Why do divers need to spend time decompressing if they’re in pressurized suits?


Astronauts and people in airplanes can just sit in a pressurized suit or cabin and come down back to Earth without any trouble, but for some reason divers need to slowly resurface even though they’re still only feeling one earth atmosphere in their suits and undersea chambers. Why do nitrogen and other gasses build up if the divers are only under one atmosphere of pressure?

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What divers are you talking about? A standard wetsuit is not at all pressurized.

Planes and spaceships are pressurized *relative to the outside environment,* where pressure is so low humans cannot remain conscious. Air pressure on board is almost always lower than atmosphere at sea level, since large pressure differences create stress on the hull and can contribute to structural failure.

Ordinary SCUBA diving suits are not pressure sealed. Divers experience much more than one atmosphere of pressure.

Regardless of their suit being water tight or pressurized (which is a whole other conversation) its the issue of their air supply. Try to think about their tank. If you want to put more than a few breaths worth of air in there you have to pressurize the hell of out the gasses going into the tank. As you breathe in that compressed air it gets into your blood stream and stays a bit compressed because of the pressure of the depth you’re at. The deeper you are the more weight of the water pushes on you and keeps those gasses compressed. As you ascend the pressure decreases. Those compressed gasses in your blood starts to expand. That is why you need to decompress, so those gasses have some place to go as you breathe them out. If you don’t they’ll expand like ice in a garden hose and start wrecking your blood vessels. The suit here is not the issue, the air you’re breathing is.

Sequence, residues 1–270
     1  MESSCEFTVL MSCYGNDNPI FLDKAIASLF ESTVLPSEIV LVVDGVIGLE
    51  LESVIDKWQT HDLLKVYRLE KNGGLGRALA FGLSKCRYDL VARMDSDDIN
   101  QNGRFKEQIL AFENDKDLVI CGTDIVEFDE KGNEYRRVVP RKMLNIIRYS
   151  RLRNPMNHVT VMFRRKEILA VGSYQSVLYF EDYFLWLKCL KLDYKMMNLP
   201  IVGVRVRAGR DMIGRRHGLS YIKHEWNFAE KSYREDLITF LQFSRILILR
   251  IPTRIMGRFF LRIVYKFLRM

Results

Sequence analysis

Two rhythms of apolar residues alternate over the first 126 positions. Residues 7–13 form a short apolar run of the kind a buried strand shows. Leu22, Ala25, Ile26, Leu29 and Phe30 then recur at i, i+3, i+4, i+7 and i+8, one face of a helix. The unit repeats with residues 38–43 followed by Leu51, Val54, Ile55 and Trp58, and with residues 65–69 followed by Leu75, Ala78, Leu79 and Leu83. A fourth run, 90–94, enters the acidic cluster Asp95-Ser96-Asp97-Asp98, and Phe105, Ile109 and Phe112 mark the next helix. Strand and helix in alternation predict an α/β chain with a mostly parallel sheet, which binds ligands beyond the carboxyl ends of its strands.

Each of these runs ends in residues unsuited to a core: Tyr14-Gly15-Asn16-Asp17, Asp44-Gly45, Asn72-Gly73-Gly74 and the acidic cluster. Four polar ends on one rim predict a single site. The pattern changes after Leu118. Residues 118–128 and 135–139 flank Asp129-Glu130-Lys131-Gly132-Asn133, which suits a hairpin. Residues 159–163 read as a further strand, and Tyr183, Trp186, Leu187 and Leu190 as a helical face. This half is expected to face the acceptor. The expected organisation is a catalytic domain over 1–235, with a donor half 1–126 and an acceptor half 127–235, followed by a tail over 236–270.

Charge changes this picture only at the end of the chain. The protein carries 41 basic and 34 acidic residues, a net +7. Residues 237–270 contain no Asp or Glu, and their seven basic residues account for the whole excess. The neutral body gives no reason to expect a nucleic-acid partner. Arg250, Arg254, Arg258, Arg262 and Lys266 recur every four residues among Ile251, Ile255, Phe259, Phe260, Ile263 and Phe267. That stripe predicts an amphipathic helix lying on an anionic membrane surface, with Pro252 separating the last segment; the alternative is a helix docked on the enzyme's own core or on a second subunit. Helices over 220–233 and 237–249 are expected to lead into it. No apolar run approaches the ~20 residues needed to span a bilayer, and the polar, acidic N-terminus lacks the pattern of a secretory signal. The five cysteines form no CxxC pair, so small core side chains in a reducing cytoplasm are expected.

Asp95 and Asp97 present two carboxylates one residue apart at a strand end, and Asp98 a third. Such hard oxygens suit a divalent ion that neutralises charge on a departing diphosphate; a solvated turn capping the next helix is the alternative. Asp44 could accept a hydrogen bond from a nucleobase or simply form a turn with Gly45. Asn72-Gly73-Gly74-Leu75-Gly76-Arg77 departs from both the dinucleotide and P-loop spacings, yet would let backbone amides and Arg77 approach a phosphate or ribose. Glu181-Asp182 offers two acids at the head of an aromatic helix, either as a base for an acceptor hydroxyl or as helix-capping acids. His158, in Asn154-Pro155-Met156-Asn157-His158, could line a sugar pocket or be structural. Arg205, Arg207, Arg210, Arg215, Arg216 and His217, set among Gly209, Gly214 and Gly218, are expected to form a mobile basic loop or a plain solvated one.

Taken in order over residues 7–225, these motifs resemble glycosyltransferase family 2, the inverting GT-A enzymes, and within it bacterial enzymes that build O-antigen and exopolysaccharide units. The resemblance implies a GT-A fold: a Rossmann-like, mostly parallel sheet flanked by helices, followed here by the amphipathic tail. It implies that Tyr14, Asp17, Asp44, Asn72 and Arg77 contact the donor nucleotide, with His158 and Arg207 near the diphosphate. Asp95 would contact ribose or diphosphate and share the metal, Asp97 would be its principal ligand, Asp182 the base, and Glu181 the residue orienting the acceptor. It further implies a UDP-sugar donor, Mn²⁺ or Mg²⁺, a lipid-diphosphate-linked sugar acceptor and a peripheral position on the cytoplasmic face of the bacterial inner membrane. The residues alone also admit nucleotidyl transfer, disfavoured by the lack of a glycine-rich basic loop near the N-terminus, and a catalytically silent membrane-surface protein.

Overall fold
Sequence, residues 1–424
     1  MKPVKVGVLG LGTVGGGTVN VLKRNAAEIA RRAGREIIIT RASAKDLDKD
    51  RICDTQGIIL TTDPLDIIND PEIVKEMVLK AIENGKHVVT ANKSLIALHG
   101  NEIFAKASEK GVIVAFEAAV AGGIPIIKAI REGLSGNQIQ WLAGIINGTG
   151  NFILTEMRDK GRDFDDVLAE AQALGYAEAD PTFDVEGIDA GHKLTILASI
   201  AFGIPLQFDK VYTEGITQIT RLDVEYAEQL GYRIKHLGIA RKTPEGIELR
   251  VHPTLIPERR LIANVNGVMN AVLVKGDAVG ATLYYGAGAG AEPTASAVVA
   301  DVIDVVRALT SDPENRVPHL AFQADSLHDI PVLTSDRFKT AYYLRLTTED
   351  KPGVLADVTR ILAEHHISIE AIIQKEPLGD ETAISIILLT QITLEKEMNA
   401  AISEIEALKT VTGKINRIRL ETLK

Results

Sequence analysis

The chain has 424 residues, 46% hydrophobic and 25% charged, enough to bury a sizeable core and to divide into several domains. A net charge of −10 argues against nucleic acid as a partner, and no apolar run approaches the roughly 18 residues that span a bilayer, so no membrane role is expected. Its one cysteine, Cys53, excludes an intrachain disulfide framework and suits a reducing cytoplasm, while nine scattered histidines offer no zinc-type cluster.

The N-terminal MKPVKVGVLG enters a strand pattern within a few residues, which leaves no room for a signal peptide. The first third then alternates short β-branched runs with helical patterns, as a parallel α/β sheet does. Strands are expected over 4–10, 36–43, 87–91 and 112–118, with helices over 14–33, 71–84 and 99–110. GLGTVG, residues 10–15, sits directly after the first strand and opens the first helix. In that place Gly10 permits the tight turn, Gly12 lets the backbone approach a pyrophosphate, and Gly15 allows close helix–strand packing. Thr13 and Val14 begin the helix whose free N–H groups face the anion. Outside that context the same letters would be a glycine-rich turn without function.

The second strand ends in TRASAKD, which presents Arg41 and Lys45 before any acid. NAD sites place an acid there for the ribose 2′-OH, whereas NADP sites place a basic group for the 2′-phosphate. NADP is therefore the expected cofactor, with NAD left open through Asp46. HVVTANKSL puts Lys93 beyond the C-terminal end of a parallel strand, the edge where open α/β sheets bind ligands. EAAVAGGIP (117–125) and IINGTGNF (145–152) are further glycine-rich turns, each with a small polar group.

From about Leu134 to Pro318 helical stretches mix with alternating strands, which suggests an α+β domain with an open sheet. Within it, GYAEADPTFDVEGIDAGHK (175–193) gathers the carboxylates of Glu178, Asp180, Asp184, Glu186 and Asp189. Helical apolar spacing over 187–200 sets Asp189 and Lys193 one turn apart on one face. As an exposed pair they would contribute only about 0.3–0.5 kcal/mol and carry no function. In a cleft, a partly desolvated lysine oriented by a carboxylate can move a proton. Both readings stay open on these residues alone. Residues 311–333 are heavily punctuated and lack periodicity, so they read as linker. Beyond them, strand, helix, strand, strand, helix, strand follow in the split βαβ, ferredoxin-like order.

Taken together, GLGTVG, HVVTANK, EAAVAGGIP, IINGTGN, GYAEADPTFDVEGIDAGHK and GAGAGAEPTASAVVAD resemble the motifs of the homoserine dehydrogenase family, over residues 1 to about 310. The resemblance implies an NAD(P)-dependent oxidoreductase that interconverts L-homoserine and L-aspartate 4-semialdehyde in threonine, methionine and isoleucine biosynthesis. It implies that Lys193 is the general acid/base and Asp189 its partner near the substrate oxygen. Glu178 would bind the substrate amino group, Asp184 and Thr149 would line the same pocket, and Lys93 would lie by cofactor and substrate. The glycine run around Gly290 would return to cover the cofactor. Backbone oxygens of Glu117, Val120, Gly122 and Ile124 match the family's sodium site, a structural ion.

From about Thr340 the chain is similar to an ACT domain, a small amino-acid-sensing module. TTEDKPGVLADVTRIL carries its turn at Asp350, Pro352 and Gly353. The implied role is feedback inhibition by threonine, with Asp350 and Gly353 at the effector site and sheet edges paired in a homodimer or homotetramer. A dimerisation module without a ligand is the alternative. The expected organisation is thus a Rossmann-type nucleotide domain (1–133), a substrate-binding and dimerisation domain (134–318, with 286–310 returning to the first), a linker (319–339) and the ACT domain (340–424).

If they were under 1 atmosphere pressure they wouldn’t need to, no more than a submariner has to.

But a pressurized suit isn’t going to help a diver, the problem is too much pressure already, which causes excess gas to dissolve in your blood and needs decompression time to come out again. What you need is a rigid, pressure resisting enclosure, ie a submarine with manipulators.

A spacesuit maintains 1 atm against outside vacuum, the drop in pressure if it ruptured would cause similar gas bubble formation as a diver returning to the surface from pressure at depth

The drop in pressure going from sea level to a pressurized airplane cabin is very small compared to the drop in pressure going from deep underwater back to sea level. It *can* be dangerous for people with certain medical conditions to go up in airplanes though.

That said, divers aren’t under one atmosphere of pressure. I’m not sure where you get the pressurized suit thing from, deep sea divers acclimate to pressure on the way down and on the way back up. Sometimes they’ll be inside submersible diving bells or capsules but those are at the same pressure as the water around them.